What home improvements make the most difference in a property’s resale value? Extensions, extra bedrooms, kitchens, bathrooms and open plan areas discussed.
Assessing how to maximise your investment in bricks and mortar
When considering how to boost the value of your property, some types of home improvement would come under consideration. While modest renovations, redecorating and general tidying up can improve the fabled ‘kerb appeal,’ it’s often the higher ticket items such as new kitchens and extensions that are considered as investments that make a significant difference to resale values.
But which ones are the best bets? The Office of National Statistics say we spend around £30 billion a year on improving properties – some £43 million a week. What provides the best return on that investment?
The National Association of Estate Agents (NAEA) surveyed estate agents recently to see what they consider adds the most value to a property. The overwhelming view was the creation of more space in the form of an extension such as (especially) creating an extra bedroom is the best investment according to some 50% of respondents.
Before you rush to add to your property with a view to increasing its value before selling, get proper costings for work you may be thinking of. Next, get an idea from local property experts such as Balgores Property as to the value of your property now and what it may be worth if you invest further in it.
The main improvements that add value:
Most types of extension, whether to create a bigger kitchen, extra bedrooms or maybe a kitchen diner, should add value. Exact amounts are hard to predict due to the diversity of extensions possible, but an estimate of around 11% of the property’s value seems a reasonable expectation.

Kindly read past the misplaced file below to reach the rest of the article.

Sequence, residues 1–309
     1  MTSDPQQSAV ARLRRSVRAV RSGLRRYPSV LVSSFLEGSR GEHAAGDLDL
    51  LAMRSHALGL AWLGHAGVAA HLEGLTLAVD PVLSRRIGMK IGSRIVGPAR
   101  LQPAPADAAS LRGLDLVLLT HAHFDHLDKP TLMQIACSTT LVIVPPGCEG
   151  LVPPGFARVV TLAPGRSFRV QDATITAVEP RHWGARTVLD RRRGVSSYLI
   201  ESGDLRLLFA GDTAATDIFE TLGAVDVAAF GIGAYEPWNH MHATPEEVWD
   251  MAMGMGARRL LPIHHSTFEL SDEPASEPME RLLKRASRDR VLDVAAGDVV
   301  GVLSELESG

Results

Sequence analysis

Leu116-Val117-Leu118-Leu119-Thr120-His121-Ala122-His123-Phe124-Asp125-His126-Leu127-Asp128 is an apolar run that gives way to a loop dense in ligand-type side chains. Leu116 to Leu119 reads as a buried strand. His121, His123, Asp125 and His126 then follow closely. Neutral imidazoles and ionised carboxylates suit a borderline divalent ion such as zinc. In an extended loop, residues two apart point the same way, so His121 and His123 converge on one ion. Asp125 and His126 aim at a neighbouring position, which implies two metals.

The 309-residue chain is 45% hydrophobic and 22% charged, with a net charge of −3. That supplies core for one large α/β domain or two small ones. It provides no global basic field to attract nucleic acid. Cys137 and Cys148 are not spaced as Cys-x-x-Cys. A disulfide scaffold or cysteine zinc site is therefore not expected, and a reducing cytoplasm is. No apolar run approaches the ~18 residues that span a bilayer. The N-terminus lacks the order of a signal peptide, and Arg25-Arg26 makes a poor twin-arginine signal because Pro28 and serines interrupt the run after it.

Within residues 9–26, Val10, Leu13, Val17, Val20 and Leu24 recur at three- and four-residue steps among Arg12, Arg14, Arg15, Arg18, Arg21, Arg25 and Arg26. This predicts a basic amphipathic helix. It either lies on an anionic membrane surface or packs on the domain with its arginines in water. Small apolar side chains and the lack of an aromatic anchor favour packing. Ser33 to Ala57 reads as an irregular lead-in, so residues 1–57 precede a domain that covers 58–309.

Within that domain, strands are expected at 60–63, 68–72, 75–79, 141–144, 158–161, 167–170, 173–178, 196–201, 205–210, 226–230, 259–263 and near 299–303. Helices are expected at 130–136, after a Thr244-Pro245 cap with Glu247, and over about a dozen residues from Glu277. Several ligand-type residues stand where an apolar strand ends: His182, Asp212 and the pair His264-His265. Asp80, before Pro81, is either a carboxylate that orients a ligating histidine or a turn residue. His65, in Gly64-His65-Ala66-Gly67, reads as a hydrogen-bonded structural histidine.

Creating an extra bedroom is considered very worthwhile, and it may be possible to do this using existing space within the property as opposed to building an extension – for example through a loft conversion. Gains of at least 10% of the property value are possible.
Open plan area
A feeling of space is a highly desirable factor for house purchasers according to the experts, and usable open plan space such as a kitchen-diner is very popular. Converting a separate kitchen and dining room into one along with a new kitchen would, combined, make for a useful increase in value in the region of 6%.
As above, it could be part of the creation of an open plan living area. If it’s more stand alone, a well-designed kitchen with good quality components can be a powerful sales driver. The kitchen is often the focal point of a property and a classy installation could see a value increase of about 6% of the property value.
A good selling point partly due to the increased popularity of en suites, it could also be worth upgrading the ‘master’ bathroom if it’s fallen behind the times somewhat. The professional’s advice is to not go overboard with fixtures and fittings; decent but affordable quality is the name of the game so as to make it appealing to buyers but not cost too much to install in the first place. Returns of about 5% could be possible with a decent quality extra bathroom.
They can provide a 5% increase to the home’s value, but care should be taken. Cheaper, hastily built types not sympathetic in design to the property type could actually put potential buyers off.
These days it’s possible to create a decent quality conservatory that blends well with the property, possesses a ‘quality’ feel and lets plenty of light in. Be careful of impinging on the garden area when having one built though as many buyers like a decent amount of space.
Is it worth it?
Adding to your property to improve it for your own comfort with an eye on resale when the time comes is one thing, but adding to a property purely to increase its value is something else entirely. You have to ask yourself if the time, expense and upheaval will be worth your while.